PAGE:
"We've never seen anything like this before in our history, this is truly a sea change," says spokeswoman Alexandra DeLuca. "It's going to be a historic year."

In North Carolina, several Democratic women have announced campaigns for the General Assembly, and party officials expect more by the time filing closes in February. Women now make up 43 of 170 lawmakers. According to the Center for American Women and Politics, at least 390 women already are running for Congress. Eighty percent are Democrats.

"I don't accept the premise that there is a whole bunch more Democratic women than Republican women (running)," says Dallas Woodhouse, executive director of the N.C. GOP. "I guess it's good that Democrats woke up and decided women would be good candidates. We've known it for a long time."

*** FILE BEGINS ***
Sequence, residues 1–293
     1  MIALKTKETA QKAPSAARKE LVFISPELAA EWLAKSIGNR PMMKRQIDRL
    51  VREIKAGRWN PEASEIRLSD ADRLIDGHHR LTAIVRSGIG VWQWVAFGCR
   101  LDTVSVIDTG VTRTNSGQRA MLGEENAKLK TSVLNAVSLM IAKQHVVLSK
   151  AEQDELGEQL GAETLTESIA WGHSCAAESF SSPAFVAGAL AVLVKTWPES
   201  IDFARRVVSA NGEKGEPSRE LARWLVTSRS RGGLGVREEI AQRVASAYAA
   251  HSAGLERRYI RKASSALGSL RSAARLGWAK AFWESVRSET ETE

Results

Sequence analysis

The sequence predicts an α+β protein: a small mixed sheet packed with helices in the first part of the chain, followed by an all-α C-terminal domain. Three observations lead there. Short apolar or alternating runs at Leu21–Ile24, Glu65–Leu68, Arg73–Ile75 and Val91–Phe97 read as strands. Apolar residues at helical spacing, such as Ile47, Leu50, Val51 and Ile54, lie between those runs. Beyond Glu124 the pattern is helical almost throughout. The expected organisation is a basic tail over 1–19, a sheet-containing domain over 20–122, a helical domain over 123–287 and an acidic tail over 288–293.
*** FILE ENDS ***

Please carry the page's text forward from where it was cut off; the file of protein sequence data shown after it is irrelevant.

Fueled by Trump and #metoo

Charlotte's march will be one of at least seven in North Carolina and one of scores across the country with the theme "Power to the Polls." National organizers will hold a rally in Las Vegas, where they'll launch a national voter registration drive.

Last year's marches in Charlotte, Washington and around the country happened largely as a result of the 2016 presidential election. The movement continues to lean Democratic.

"The Women's March, even if it said it wasn't a Trump march, was basically aimed at Donald Trump," says Susan Roberts, a Davidson College political scientist.

Many of the women who marched a year ago have found their energy fueled by Trump's stormy first year as well as by the sexual harassment revelations that have rocked Hollywood, the media and politics.